Take the 2-minute tour ×
Stack Overflow is a question and answer site for professional and enthusiast programmers. It's 100% free, no registration required.

Coming from a C++ background I'm starting to learn Verilog. This code describes four inputs going into two AND gates. The outputs from those two AND gates go into an OR gate. The output from the OR gate is the final output.

// a user-defined AND gate
module my_and2 (in, out);
input [1:0] in;
output out;
assign out = in[1]&in[0];
endmodule

// a user-defined OR gate
module my_or2 (in, out);
input [1:0] in;
output out;
assign out = in[1]|in[0];
endmodule

// the AND-OR logic built on top of the user-defined AND and OR gates
module and_or (in_top, out_top);
input [3:0] in_top;
output out_top;
wire [1:0] sig;
// instantiate the gate-level modules
my_and2 U1 (.in(in_top[3:2]),.out(sig[1]));
my_and2 U2 (.in(in_top[1:0]),.out(sig[0]));
my_or2 U3 (.in(sig),.out(out_top));
endmodule

The first two modules make sense to me. However, the last one doesn't. The first two modules have an assign statement at the end to set the value for the output variable. However, the last one doesn't. Why is that?

share|improve this question

3 Answers 3

up vote 2 down vote accepted

Verilog is 'event driven'. When writing verilog, think in terms of sensitivity lists.

In your example of the AND gate, you've the expression assign out = in[1]&in[0];. Your expression is said to be sensitive to in[0] and in[1]. This means that any time in[0] or in[1] change, the expression will be recomputed, and the value of out will be updated.

So in your toplevel module and_or, you're basically building a big tree of expressions that are sensitive to the outputs of the preceding expressions. This tree is, of course, built using the module connections. So a change in the value of one of the inputs to this toplevel module will ripple through all expressions in its 'logic cone'.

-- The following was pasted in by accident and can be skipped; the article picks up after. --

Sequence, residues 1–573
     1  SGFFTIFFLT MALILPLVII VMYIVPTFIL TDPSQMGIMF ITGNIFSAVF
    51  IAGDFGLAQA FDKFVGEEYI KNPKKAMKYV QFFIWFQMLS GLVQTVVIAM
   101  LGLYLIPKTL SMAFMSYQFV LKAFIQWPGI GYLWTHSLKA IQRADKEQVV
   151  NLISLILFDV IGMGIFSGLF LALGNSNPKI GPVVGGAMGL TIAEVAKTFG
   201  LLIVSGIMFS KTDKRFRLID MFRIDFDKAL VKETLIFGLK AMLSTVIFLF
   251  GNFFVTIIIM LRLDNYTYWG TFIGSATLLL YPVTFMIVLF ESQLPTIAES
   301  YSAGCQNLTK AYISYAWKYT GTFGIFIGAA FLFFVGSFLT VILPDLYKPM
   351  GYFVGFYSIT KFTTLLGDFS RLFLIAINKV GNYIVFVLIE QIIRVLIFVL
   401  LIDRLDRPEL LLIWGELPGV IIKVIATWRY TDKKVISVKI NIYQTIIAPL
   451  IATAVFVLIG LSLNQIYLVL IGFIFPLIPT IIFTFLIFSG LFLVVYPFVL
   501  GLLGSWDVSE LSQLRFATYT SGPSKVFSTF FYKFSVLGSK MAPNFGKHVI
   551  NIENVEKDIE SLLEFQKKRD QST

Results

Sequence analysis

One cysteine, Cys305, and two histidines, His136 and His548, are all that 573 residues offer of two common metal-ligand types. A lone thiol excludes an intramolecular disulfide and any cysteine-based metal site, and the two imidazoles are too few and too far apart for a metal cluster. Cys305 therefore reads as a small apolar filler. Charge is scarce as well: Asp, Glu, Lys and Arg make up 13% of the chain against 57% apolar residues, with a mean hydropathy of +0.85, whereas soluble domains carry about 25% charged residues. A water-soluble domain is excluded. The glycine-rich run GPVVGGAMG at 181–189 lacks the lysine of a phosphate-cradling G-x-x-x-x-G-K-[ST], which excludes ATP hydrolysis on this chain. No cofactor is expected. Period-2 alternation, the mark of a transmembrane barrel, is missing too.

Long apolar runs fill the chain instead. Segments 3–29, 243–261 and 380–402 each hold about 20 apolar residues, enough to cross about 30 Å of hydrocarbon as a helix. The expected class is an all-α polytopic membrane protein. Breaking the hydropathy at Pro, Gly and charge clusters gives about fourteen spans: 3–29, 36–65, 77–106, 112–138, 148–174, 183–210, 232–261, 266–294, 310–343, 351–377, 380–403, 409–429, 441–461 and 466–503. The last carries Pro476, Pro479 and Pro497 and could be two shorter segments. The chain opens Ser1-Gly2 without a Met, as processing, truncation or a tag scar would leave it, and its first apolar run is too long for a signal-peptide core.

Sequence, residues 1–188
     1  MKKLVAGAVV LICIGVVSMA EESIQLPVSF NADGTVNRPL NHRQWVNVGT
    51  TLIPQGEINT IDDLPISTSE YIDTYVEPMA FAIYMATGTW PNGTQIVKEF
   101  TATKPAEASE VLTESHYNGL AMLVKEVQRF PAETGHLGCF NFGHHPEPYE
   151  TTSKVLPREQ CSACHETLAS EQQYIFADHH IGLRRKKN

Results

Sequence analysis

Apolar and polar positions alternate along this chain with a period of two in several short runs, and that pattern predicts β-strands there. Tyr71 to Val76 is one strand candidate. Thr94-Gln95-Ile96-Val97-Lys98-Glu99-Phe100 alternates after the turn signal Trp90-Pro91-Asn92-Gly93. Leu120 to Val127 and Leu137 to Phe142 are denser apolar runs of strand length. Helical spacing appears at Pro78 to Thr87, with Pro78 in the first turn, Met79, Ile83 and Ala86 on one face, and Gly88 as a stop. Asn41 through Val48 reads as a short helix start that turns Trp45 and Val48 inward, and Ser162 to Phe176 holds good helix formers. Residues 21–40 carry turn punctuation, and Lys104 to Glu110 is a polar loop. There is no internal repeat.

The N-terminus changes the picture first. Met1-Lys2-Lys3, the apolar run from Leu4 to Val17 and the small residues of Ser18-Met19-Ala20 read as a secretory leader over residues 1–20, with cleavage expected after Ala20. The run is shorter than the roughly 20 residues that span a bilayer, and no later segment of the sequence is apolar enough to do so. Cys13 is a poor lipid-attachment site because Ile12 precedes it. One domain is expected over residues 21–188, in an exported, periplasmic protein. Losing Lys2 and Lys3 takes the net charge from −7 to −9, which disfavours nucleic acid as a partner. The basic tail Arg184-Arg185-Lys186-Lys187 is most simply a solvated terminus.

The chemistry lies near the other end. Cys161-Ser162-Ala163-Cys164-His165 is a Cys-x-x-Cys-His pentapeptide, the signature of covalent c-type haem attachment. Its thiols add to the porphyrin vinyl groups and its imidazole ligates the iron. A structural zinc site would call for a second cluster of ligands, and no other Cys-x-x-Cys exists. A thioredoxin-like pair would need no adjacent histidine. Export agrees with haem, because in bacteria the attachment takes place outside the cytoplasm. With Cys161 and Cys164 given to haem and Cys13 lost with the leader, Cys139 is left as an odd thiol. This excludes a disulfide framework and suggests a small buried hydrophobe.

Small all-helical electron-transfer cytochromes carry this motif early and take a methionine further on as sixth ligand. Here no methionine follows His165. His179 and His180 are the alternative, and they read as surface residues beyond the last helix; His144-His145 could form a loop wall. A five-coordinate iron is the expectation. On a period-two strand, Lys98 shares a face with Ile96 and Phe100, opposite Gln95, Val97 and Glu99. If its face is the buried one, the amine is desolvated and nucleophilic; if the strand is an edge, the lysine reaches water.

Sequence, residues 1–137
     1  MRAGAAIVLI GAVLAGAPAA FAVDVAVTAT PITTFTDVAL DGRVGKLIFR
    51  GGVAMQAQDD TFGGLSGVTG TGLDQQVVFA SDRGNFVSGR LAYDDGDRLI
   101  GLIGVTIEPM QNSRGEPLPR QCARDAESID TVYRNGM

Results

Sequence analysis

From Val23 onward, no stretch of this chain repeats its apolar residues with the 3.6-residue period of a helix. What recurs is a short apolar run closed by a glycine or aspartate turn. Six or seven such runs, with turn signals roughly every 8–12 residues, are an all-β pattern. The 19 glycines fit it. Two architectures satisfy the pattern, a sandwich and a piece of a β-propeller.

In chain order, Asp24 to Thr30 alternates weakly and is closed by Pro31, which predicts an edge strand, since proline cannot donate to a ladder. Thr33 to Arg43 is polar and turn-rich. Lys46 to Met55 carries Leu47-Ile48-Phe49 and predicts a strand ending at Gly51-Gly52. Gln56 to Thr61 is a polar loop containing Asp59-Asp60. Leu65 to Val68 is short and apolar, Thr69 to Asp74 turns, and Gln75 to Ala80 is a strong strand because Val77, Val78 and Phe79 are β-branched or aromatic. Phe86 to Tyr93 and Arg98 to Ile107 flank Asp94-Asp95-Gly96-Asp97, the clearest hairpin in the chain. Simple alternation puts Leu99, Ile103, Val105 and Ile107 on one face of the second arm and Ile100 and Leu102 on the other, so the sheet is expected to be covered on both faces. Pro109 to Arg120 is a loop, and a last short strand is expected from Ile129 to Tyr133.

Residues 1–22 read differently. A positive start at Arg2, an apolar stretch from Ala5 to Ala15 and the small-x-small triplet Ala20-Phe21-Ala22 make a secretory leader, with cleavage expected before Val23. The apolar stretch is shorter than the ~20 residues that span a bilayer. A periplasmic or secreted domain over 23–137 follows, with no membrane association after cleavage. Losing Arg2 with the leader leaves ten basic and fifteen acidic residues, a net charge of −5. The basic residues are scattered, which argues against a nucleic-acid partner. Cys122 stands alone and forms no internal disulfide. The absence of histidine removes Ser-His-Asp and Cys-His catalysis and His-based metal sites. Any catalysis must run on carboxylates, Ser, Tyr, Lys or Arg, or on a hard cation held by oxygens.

To drive the inputs you'll need higher level testbench module driving signals into your and_or module. This will supply inputs spaced out in time which will trigger the expressions in and below and_or. If not, your sim will have no events, so no expressions will trigger and the sim will time-out at 0ps because it is 'event starved'.

PS: for your AND gate expression, assign out = ∈ will work too... (reduction AND operator)

share|improve this answer

out_top is driven by the U3 instance output.

share|improve this answer
    
So instantiating a module automatically runs it? –  node ninja Feb 25 '11 at 21:57
    
Actually, nothing is really 'run' in that code as it doesn't contain any procedural statements. It is a structural description showing connectivity. Of course the simulator will execute code to effect the signal changes, but these details aren't all that relevant to modeling this circuit. –  user597225 Feb 26 '11 at 0:40

To put things simply, I like to think instantiation as just connecting wires.

Modules are blocks of digital circuits. You AND and OR gate modules are where magic happens. You already understand that part. By instantiating those modules, it's like you're connecting the input wires of your top level module with inputs of two blocks AND module. Then taking the outputs of them and taping them to the input wire sticking out of your OR block. And finally you're connecting the output of OR block to the output signal wire of top level.

share|improve this answer

Your Answer

 
discard

By posting your answer, you agree to the privacy policy and terms of service.

Not the answer you're looking for? Browse other questions tagged or ask your own question.